You really can't blame toddlers for coloring on the walls
1. Designate specific times for coloring, when you have time to monitor them, and store the art materials out of reach the rest of the time. By putting the markers on a high shelf when you can't watch them being used, you ensure that your child understands there is a time and a place for coloring. This is also an important consideration for your child's health, as without proper supervision they could consume the paint or dyes, which can be toxic and dangerous to their health.
2. Emphasize repeatedly that artwork is meant for paper (or another approved medium) and not on other things. Tell your toddler, using simple, short and direct language. Then, let them begin their artwork. If they start to wander with the tools, direct them back to the paper. If they leave again, take away the art materials.
3. If your child is too young to recognize where and when art is allowed, provide other outlets for creativity. If the weather is nice, let your toddler draw with chalk on the sidewalk. If it is cold or rainy, set your child up with art materials in a 'safe' place and color with them. Consider placing a plastic drop cloth underneath their chair for messier projects. You can also build snow sculptures outside, and 'paint' them with water and food coloring. Bath paint and crayons, for use in the bathroom, will allow the child to draw on the walls without causing permanent damage.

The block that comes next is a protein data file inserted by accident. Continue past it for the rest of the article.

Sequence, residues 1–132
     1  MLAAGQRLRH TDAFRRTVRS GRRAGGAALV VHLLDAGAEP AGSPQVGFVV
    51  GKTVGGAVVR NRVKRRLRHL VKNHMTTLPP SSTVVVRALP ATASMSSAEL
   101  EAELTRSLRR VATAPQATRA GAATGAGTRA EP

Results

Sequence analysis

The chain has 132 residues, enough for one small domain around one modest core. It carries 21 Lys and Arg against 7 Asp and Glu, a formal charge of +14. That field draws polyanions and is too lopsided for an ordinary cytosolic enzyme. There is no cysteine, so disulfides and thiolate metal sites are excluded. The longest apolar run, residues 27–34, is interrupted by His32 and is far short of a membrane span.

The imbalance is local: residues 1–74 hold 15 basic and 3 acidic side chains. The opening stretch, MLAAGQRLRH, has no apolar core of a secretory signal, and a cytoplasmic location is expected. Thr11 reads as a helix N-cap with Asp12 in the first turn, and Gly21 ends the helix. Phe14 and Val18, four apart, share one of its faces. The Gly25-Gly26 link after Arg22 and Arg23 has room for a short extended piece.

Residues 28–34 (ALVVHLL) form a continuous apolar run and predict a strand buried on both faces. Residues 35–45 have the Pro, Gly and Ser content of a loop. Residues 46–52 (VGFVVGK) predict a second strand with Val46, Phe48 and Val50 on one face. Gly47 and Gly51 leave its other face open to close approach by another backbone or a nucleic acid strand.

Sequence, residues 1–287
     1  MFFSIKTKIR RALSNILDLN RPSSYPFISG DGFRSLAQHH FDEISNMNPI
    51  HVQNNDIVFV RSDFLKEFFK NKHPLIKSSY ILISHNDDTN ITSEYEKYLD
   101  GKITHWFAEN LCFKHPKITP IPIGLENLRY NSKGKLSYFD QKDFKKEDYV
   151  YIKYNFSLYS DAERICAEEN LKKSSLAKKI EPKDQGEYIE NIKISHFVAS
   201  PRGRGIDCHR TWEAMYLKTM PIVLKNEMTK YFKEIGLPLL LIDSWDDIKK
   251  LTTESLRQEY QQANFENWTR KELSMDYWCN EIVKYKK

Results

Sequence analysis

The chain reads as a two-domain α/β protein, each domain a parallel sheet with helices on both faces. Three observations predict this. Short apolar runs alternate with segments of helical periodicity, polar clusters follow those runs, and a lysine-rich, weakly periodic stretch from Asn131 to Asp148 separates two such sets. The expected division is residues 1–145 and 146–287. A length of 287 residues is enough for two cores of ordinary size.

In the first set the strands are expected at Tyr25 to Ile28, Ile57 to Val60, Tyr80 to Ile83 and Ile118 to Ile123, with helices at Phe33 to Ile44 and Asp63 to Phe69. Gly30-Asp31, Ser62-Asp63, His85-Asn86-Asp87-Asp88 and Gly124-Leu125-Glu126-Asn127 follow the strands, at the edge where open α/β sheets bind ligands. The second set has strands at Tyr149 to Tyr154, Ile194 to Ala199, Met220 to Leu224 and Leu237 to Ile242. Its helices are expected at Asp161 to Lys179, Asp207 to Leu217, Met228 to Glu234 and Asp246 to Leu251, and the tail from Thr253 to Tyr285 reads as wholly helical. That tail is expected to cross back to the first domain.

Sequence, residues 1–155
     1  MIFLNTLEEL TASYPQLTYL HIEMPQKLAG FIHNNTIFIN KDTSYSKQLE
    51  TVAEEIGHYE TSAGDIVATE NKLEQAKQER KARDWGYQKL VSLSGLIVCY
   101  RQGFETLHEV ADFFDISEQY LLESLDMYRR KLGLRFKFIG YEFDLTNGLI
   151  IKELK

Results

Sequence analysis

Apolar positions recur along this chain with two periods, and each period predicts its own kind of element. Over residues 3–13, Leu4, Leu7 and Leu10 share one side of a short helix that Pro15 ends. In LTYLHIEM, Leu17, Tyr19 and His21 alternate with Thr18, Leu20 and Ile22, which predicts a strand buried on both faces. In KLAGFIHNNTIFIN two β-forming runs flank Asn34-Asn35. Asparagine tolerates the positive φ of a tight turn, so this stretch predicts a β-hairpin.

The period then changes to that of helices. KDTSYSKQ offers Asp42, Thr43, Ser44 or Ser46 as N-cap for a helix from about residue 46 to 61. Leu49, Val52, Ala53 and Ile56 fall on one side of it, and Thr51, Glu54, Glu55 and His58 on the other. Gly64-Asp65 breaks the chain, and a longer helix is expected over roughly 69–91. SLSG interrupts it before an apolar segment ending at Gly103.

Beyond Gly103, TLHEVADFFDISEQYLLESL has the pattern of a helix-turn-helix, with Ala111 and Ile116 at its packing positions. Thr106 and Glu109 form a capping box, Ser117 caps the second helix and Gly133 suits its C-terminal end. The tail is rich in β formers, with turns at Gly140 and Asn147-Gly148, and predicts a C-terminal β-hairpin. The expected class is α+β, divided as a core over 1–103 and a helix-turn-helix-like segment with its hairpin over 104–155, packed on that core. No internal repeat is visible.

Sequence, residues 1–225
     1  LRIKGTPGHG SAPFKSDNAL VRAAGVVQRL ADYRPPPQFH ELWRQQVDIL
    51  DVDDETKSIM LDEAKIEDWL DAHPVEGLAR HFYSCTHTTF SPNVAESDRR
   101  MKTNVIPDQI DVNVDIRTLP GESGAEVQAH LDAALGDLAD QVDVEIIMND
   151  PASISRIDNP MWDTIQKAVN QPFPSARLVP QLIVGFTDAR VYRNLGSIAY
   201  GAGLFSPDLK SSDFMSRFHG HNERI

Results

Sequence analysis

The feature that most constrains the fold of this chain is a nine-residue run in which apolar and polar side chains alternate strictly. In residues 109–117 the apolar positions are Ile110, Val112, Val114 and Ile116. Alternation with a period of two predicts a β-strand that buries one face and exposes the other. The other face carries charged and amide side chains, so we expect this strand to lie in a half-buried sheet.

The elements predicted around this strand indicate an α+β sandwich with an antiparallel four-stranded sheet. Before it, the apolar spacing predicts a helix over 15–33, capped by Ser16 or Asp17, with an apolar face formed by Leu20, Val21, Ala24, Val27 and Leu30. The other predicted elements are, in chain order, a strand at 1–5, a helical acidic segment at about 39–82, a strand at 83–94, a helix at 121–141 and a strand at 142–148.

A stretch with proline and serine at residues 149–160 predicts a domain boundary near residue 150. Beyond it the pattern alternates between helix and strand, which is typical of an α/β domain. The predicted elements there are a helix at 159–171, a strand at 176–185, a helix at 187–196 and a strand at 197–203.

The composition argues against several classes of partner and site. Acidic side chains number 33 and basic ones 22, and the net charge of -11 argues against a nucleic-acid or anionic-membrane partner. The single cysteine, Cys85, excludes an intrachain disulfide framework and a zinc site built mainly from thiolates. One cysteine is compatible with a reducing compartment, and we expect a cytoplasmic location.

4. If they continue to be attracted to the walls, designate and make a 'safe' wall for them to draw on until they can understand that this is generally frowned upon. Pick a wall, and measure its width and up to a foot over your child's head. Take enough white poster board and overlap them, covering the measured space completely. Attach it to the wall with blue painter's tape, it won't take the paint off the wall when it is removed. If the poster board gets filled up with drawings, tape butcher paper over it with more blue tape. Direct your toddler to this wall, and discipline them by removing the art materials if they deviate from it.
5. Provide significant amounts of paper and spend enough time coloring on it with your toddler that they will learn the art material's appropriate usage. Construction paper is a great idea, as it is colorful and inexpensive, and should attract your child as an interesting medium for their art. Consider getting a small, toy easel for them to do their work on, as well. This will provide them with the upright feeling of drawing on the wall without the discipline that follows, and it will help them feel like a real painter!
Remember, discipline is not the only way to teach your child right from wrong. Spending time with them and showing them how things should be done is actually much more effective, as they crave your attention. If you give them a way to spend time with you, they should be more than happy to abide by the rules.